Mark Manson, Find What You Love and Let It Kill You
5. …many of the world’s most successful people dropped out of education entirely. Not because they were stupid – but because they found other areas where they were more skilled that education did not recognise.
They created their own passions.
If you can find something new that’s growing fast, and get skilled at it early, you’ll find it disproportionately easy to excel because of the lack of competition. And that’s your new passion right there.
Passion is attractive. As passion comes from believing you’re unusually good at something, being passionate is a very sincere way of saying, “by the way, I’m awesome”.
Passion will persuade people to follow you. It will persuade people to believe in you. But most importantly, passion will persuade yourself.
Passion is an emotion specifically intended to make you go crazy and work your ass off at something because your brain believes it could rock your world. That, like love, is a feeling worth fighting for.
Oliver Emberton, How to Find Your Passion?
6. Passion is simply an emotional state, and a temporary and unstable one at that. The reason passion gets so much credit is that it helps motivate action. And action is what generates results.
7. If you do have a passion, by all means follow it: you’ll learn more about yourself and the world than you would from just sitting in an average office job. But unless you can find a way of making it useful enough for people to pay you to do it, happiness and success aren’t guaranteed.
And if you don’t have a passion, don’t worry. Take the time to experiment, focus on producing something of quality that’s useful to people, and let your passion find you.
… when starting out, there’s no real way of knowing how things will pan out, which initiatives will be successful, and what you’ll enjoy working on.
So you may as well continue with your passion projects at the same time. They’ll keep you sane while you’re grinding away at your business or freelancing career, and they may well turn into something that can make your main business more successful – or even become the main business itself.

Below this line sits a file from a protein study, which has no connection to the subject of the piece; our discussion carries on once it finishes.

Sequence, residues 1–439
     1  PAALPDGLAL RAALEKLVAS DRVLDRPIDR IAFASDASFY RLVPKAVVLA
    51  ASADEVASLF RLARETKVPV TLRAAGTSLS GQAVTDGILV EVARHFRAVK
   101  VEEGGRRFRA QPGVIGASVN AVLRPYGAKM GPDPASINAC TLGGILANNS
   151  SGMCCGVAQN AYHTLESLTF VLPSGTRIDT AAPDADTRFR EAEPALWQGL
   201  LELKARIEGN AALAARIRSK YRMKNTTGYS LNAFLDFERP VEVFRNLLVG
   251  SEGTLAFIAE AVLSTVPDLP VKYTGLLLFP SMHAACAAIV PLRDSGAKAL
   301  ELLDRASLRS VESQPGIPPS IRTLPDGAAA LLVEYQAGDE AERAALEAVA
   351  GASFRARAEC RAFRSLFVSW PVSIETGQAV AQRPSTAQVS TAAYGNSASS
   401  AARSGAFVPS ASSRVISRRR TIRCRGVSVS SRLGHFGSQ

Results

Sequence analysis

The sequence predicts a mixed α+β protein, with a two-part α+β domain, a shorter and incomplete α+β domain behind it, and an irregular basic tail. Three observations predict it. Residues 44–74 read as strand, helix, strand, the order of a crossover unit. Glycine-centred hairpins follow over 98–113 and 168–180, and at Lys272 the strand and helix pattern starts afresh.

8. When I began to write for passion, at first nobody seemed to care. But I kept at it, kept doing the best work I could no matter how many (or how few) paid attention. And slowly over time, people took notice.
Why? Because there is something attractive about passion.
Our work is more than what we do or make. It’s the entirety of effort that goes into each step of the process. In a sense, it’s what we don’t see.
So when you’re sweating and bleeding and loving every minute of it, remember: this is the reward.
When we set sail in search of our life’s work, this is what we must seek: passion. Not fame or rewards or riches, but a willingness to quietly do our work, trusting the sowing-and-reaping nature of life. Remembering that good things come in time if we do our jobs well.
So where does that leave us? Where, practically, can you go from here? Strive to do your work with gratitude and generosity. Because this part is not you paying your dues or delaying gratification until payday. This is the best it gets.
Jeff Goins, GoinsWriter.com
9. Passions are very rarely big nouns like, cars, computers, or dogs. They’re usually verbs, and they’re usually specific.
The best way I can suggest to find a passion that you’ve built is to think about what really excites you. Forget about business, just think about what in life makes you live in the moment and ignore everything else. For me it’s evangelizing living an awesome life.
It’s critical to be doing something you’re passionate about. I don’t believe anyone will have runaway success without this. To be massively successful you need to put 110% into it, and few people can do that without passion. I know I can’t.
Don’t look for a business that you’re passionate about. Find one of the thousands of businesses that you can apply your passion to, and develop it. Focus on it exclusively and push through the dip.
Tynan, Finding Your Passion